Philhouse (just about 3 blocks north of Gabriel and Gabriel) - a humungous Philippine supermarket
Phoenix Bakery - Argyle St. just below the 'L' in New Chinatown - A Chinese bakery which sells Philippine delicacies like those we usually find in Chinese bakeries in Ongpin and Avenida, e.g. buchi, hopia baboy, hopia mungo, siopao asado, tikoy, etc., also putong puti
Sun Wah BBQ in Argyle - serves lechon
Hong Kee in Argyle (this entry 1-7-93) - Vietnamese restaurant but serves Filipino noodle favorites such as Pancit Canton, Mami, and also lechon de leche and ordinary lechon. The lugaos are also good. Hang out of a lot of Pinoys.
Have you been in Rambutan? What can you say about that place? I am here in Indiana and i never been in any filipino Restaurant. What can you recommend me to go anyhting closer? Cincinatti or chicago would be fine. Please help me where to go and to taste filipino cuisine again. Thank you!!
This reply is a bit late but in case anyone ever goes to a Filipino restaurant, here are some suggestions. Lumpia -- either deep-fried and looks and tastes somewhat like a Chinese eggroll or "fresh" which is usually a very thin crepe wrapped around veggies and some meat and served with a delicious garlicky sauce. Pancit -- rice stick noodles with sauteed veggies and meat. Kare-Kare -- oxtail stew in a peanut-based sauce. Chicken or pork adobo -- most people love this. It's basically chicken or pork (or both) cooked in soy sauce, vinegar, garlic, black pepper and bay leaves. There are also paella-type dishes as well as all sorts of stuff cooked in coconut milk.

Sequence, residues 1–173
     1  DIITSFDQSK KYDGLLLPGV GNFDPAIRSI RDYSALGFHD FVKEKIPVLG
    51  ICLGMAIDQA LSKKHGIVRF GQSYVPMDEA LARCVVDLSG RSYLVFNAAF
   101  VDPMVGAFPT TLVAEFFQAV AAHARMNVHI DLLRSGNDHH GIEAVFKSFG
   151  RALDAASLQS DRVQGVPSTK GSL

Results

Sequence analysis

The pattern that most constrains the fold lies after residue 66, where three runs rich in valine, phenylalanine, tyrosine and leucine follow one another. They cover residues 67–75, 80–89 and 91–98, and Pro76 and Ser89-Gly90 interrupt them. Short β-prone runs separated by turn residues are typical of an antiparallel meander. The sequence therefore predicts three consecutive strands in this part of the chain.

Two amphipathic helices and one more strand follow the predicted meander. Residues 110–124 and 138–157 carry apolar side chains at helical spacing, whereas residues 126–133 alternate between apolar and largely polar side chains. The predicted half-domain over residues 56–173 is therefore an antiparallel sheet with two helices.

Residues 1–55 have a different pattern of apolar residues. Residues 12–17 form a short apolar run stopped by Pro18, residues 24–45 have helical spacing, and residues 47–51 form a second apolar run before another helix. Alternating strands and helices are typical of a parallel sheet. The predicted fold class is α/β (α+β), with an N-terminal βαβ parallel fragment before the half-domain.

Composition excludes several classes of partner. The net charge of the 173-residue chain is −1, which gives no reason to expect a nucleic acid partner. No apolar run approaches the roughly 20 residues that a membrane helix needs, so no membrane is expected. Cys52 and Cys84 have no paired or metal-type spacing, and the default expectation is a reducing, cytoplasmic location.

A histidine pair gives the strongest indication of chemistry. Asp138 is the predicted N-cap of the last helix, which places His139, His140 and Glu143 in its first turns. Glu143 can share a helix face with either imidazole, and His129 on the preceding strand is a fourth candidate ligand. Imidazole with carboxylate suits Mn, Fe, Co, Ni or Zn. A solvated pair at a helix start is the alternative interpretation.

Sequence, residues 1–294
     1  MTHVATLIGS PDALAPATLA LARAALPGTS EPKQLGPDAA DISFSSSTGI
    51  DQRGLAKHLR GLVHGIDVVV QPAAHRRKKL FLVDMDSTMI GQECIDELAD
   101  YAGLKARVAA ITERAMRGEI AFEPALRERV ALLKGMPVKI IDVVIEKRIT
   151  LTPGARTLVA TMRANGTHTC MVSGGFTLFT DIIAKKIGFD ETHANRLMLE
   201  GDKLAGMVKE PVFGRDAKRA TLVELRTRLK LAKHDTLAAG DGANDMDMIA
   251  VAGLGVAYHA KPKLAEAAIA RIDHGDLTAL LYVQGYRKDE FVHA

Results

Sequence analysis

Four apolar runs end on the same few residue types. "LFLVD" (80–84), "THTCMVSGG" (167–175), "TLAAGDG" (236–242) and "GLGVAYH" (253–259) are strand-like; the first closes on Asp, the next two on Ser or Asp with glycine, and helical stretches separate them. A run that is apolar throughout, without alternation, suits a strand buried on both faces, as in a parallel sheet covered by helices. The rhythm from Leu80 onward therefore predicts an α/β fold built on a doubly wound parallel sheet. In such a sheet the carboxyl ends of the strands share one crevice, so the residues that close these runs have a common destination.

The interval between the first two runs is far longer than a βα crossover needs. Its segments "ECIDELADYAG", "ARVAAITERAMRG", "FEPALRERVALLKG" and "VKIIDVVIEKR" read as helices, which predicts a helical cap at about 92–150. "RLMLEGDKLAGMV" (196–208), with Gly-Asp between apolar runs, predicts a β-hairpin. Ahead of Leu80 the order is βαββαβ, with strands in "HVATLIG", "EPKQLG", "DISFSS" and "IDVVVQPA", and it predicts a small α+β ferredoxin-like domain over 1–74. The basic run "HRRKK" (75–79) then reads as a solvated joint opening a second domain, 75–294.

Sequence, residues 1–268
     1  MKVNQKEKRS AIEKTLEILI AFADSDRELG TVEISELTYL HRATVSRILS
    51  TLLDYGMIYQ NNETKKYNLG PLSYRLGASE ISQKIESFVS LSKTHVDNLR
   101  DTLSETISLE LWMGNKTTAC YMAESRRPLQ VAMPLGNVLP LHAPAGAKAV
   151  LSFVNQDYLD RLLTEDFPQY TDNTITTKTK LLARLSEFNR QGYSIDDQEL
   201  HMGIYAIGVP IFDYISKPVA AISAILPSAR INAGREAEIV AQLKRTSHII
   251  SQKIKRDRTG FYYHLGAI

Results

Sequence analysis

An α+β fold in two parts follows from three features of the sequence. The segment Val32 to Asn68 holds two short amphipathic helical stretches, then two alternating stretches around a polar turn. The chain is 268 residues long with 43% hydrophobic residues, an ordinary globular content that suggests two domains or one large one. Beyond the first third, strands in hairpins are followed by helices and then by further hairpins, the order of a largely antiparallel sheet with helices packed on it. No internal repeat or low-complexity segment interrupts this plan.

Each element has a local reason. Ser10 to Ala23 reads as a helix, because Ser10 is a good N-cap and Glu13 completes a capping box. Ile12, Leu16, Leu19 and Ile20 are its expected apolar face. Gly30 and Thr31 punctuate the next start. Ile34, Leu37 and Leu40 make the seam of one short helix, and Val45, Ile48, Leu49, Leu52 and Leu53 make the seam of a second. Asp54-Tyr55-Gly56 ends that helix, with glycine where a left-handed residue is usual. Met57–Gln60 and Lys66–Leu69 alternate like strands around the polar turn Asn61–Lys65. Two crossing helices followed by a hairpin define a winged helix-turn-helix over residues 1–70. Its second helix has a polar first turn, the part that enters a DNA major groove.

You might want to try a more traditional restaurant on Devon Avenue and Caldwell. It's a small place that is very traditional. It's so traditional that I can't stand the atmosphere. It just reminds me of big meals in the Philippines.
I usually eat by myself for a nice quite restaurant meal. Rambutan is an experimental Filipino Restaurant that goes beyond the peasant cuisine of the Philippines. If you're a hungry Joe, who wants to eat like a farmer, then Rambutan is not the place for you.
Rambutan are memories of Filipino Cuisines without intimidating Americans.
Many Filipino Restaurateurs don't consider food hygiene a requirement for running a shabby food stall. I literally walked into Filipino Restaurants with dogs and cats inside the kitchen and inside the dining area.
Anyway, a large serving from a decent Filipino Restaurant will fill your belly until you scream...heart attack!
Rambutan Restaurant is a concept that caters to people with artistic taste in food. If you want a large amount of food with a decent quality for taste, try The Happy Chef in China Town.